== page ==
• Coherent beam combining
  • High Energy Laser End to End Operational Simulation (HELEEOS)

Intended Audience: US Government personnel and their direct contractors who have program requirements for or are interested in methods and tools to assess realistic environments and environmental effects for HEL modeling and simulation, HEL mission planning, and/or military systems operations. The course assumes the students have some technical background in radiative transfer through the atmosphere--either via an undergraduate degree or career experience.

Instructor Biography:


Course 8.  Thermal Management Technologies

Classification:

Instructor:

Day/Time: Half-day course, runs 1300-1700

CEUs awarded: 0.35

Course Description: This course offers an overview of current major challenges in thermal management of lasers/electro-optical components/systems and it describes prospective solutions. Students will learn how to approach thermal management from the system engineering point-of-view, become familiar with prospective solutions, and will be introduced to techniques for conducting trade analyses. Significant portion of the course will be devoted to enduring challenges in thermal management, namely handling of high-heat flux loads, dealing with high-power momentary loads, cryogenic cooling, and thermal management on military land/air vehicles. Numerous examples from specific projects and lessons learned will be described. Methodologies, solution toolbox, and extensive references to in-depth information will be provided in printed course material.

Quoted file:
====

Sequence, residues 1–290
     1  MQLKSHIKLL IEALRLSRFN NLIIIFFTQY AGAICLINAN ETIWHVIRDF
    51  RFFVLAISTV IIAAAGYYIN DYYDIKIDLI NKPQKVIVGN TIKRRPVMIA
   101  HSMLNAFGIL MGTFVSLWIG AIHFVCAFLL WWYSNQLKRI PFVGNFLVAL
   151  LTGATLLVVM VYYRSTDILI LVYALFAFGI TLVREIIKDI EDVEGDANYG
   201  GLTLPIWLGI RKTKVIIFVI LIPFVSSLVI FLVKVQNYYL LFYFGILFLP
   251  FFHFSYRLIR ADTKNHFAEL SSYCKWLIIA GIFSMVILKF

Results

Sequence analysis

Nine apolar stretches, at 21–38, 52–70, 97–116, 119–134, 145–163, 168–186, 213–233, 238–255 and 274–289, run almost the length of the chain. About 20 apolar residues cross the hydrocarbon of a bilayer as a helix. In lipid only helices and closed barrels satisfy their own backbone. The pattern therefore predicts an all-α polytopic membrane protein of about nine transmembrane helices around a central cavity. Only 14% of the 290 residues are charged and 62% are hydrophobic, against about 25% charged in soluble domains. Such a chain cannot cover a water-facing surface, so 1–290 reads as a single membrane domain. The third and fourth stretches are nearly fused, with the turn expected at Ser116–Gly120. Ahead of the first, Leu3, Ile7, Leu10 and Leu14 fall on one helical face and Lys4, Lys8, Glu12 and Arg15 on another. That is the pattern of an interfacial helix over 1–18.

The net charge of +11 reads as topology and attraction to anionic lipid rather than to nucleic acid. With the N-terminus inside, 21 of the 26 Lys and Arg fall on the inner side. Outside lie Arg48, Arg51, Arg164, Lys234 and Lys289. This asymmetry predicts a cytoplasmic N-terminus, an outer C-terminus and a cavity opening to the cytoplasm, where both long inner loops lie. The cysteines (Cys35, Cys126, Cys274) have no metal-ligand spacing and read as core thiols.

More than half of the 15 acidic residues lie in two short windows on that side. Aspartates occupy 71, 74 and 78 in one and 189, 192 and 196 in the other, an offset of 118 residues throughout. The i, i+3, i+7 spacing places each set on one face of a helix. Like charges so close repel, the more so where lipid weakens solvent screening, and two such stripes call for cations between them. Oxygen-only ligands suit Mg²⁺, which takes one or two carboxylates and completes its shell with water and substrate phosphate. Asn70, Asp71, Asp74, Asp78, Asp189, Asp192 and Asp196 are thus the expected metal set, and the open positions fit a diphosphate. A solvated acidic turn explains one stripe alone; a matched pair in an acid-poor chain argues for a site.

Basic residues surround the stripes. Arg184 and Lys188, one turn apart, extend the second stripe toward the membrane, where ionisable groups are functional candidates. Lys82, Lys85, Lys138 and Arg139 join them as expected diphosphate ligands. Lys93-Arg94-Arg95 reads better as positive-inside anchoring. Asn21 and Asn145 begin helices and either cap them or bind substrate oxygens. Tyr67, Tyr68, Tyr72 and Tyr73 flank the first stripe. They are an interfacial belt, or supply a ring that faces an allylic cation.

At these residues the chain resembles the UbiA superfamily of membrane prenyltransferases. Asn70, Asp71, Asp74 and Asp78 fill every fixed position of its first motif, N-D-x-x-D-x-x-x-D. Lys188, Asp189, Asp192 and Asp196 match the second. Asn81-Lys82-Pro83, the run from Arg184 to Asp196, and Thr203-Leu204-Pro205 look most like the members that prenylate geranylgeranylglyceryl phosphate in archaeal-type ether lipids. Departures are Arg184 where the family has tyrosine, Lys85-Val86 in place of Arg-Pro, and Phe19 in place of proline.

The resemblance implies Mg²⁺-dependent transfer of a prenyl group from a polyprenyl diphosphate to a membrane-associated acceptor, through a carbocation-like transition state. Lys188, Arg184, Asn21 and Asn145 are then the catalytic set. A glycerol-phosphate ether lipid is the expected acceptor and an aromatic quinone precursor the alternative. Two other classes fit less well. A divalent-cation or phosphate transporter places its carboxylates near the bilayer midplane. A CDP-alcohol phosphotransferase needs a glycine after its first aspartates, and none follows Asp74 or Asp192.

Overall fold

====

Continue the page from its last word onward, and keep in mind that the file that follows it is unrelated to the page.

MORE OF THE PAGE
Topics include:

  • Requirements for thermal management lasers/electro-optics on military platforms
  • Thermal management principles
  • Applicable thermal management technologies and their limitations
  • Exemplary cases (requirements, what was done, what did / did not work and why)
  • System engineering approach to thermal management
  • Enduring challenges and paths to solutions
  • Future perspectives

Intended Audience: This course is aimed at systems engineers, project engineers/managers/planners, and electro-optical engineers /scientists, but thermal management experts will also benefit from attending. Undergraduate education in science and engineering is beneficial.

Instructor Biography:


Course 9.  HPM Modeling and Effects

Classification:

Instructor:

Day/Time: Half-day course, runs 1300-1700

CEUs awarded: 0.35

Course Description:

Intended Audience:

Instructor Biography:


Course Fees

 

  Single Half-Day Two Half-Day
   Full-time students $0 $0
   Others $250 $450
 
   Note: Two half day classes can be selected for the price of a full-day class.

Registration

To register for a short course separate from the Annual DE S&T Symposium, select one of the following options. (If you plan to also register for the Symposium, you may use the Symposium registration form instead.)

  • Complete this form to register on-line. Note that on-line registration does not require on-line payment.

    Some organizations have installed web filters that prevent on-line registration from inside their facilities. If this appears to be true for you, please try again off-site or use the registration option below.

  • Print this registration form (in PDF format) and follow the instructions provided.

Persons requesting cancellation through 29 January will receive a full refund. Cancellations after 29 January are subject to a $100 cancellation fee. There will be no refunds after 23 February.


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Last updated: 11 December 2017